17 February 2021
Debora Fino, president of Re Soil Foundation.

“These technologies can help us meet the healthy soil challenge”

Debora Fino, president of Re Soil Foundation: the importance of having a healthy soil is still too underestimated. The skills of technicians can inspire far-sighted policies against degradation and desertification

by Emanuele Isonio

 

“We have learned over the decades to take care of air and water with precise rules and technologies that prevent and reduce pollution. For soil, a long way must be covered, especially from a regulatory point of view”. Debora Fino is a Professor (chemical engineering) at the Polytechnic of Turin. Her university, together with the University of Bologna, Coldiretti and Novamont founded Re Soil Foundation a few months ago. And just a few days ago, she was chosen to guide it.

Professor Fino, why did you decide to create a Foundation for the Soil?

Re-Soil Foundation was created to provide the legislator with competent support to set up policies which aims to protect the fertility of our soils. This necessarily implies that part of the carbon that we “recycle”, from organic waste and throughsequestration and conversion of CO2 from the atmosphere, must return to the land, otherwise it will degrade. Degradation is currently accelerated by climate changes that lead to desertification.

The EU has included the soil among the 5 missions of the Horizon Europe program. How will Re Soil Foundation define the objectives of this mission at the Italian level?

The Foundation will certainly play a catalytic role for those Italian excellences that are able to develop new technologies for soil protection in response to future European calls for the Green New Deal. In the same way, many sites of great interest in our country could become valuable theaters for technology testing. Let’s think, for example, of the fight against desertification in areas such as Sicily, or of soil quality improvement in high quality agri-food production areas.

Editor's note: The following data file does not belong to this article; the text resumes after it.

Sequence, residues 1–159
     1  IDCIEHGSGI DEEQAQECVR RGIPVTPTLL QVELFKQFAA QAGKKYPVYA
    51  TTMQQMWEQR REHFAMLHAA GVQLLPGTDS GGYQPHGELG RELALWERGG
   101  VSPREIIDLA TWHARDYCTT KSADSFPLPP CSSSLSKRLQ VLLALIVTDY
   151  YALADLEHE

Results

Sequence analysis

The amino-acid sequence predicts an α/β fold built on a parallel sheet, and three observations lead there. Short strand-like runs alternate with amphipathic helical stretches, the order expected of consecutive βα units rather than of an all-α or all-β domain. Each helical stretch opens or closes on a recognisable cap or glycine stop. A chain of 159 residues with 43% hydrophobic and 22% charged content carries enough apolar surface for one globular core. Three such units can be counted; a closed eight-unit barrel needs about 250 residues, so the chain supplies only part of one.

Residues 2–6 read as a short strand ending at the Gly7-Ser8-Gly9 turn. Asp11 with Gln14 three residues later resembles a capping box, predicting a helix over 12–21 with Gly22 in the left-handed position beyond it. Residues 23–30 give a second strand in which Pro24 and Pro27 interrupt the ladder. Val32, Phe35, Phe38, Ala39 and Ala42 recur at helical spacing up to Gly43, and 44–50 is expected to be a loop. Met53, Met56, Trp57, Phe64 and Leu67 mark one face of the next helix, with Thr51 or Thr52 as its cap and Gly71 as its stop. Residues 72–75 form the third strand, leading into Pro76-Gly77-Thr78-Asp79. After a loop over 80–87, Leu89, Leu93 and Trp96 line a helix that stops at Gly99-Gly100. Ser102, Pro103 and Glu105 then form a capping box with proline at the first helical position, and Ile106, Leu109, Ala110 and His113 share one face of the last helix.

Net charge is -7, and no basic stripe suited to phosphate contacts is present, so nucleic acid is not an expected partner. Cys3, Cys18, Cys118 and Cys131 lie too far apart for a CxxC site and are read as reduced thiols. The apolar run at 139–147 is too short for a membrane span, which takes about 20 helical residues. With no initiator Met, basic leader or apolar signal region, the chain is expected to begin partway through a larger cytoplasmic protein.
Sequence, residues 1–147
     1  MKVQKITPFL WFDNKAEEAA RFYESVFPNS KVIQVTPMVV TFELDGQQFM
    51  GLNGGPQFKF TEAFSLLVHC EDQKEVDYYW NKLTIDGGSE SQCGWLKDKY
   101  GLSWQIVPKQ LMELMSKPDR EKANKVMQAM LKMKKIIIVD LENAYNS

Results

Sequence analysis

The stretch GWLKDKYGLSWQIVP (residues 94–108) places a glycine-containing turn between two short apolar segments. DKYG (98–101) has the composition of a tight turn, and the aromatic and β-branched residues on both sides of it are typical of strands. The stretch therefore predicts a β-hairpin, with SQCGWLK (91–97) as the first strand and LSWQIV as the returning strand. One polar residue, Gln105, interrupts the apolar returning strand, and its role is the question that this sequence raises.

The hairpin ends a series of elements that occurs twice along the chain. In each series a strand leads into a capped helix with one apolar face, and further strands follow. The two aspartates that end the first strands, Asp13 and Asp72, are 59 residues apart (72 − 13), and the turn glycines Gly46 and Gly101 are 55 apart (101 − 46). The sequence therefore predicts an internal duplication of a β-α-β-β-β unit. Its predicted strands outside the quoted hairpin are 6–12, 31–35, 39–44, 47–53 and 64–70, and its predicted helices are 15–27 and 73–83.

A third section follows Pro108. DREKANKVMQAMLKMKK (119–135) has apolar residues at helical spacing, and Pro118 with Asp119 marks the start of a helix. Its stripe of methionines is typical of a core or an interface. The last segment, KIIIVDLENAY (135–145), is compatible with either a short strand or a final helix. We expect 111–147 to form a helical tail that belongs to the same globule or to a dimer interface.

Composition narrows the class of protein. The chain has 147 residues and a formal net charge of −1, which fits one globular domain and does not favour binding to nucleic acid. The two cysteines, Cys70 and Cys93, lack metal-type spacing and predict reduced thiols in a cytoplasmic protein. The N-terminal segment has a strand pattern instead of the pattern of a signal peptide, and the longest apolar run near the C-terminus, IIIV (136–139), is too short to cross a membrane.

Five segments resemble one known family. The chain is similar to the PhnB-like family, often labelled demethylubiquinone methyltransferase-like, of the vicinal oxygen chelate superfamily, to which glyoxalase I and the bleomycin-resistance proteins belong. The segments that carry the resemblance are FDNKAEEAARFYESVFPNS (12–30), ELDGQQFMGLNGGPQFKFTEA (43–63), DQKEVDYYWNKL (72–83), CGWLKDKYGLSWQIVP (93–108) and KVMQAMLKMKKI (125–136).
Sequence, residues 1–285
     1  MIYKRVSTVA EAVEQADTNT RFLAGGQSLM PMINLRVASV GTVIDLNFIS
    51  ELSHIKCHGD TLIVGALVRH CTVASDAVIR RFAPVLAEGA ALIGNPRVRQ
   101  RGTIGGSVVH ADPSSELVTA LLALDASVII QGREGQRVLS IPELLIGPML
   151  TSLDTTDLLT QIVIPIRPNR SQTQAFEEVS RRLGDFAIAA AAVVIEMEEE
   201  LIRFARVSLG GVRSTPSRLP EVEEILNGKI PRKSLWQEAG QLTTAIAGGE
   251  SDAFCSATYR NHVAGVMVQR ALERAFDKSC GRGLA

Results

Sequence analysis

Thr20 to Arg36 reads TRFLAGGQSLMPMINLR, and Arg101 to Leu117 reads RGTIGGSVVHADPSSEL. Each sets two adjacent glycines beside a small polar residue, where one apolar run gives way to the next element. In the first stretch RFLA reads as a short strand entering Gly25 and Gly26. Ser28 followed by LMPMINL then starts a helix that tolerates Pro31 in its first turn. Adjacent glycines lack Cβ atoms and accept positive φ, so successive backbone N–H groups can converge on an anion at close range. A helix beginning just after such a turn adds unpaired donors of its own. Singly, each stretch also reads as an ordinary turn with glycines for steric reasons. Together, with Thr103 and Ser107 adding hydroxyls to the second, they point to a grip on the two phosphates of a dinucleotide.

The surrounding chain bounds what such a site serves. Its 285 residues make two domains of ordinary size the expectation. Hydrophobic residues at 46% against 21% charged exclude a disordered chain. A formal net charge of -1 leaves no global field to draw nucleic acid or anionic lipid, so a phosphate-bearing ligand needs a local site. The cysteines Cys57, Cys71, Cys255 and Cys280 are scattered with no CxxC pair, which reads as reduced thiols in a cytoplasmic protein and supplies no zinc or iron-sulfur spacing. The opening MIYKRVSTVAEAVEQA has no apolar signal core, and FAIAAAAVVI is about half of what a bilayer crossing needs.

Having a soil which is “qualified” under an actual scientific perspective could become a plus from a commercial point of view.

To do this, do you think that an increase of understanding about the importance of soil health is needed to address policy-making? And at what levels?

On many levels. From the Ministry of Agriculture to the new Ministry of Ecological Transition, to the local ones promoted by Italian Regions. Today, the perception of soil importance for high quality agri-food production is low. And even lower is the understanding of the fact that if soil is neglected, over the years it deteriorates irreversibly. Foresight and farsightedness are needed, which can be inspired by enlightened pre-normative actions enacted by legislators.

How developed is the understanding of the soil issue among citizens, stakeholders and public administrators?

As I said, while today we are aware of the importance of air and water quality, the general understanding of soil value is still limited. Perhaps this happens because for air and water quality there is a direct correlation with our health. In polluted cities, deaths associated with air pollution are estimated to be several thousand. In this field, precise rules have led or are leading to real change of paradigms in society: let’s think about sustainable mobility or the use of renewable energy sources.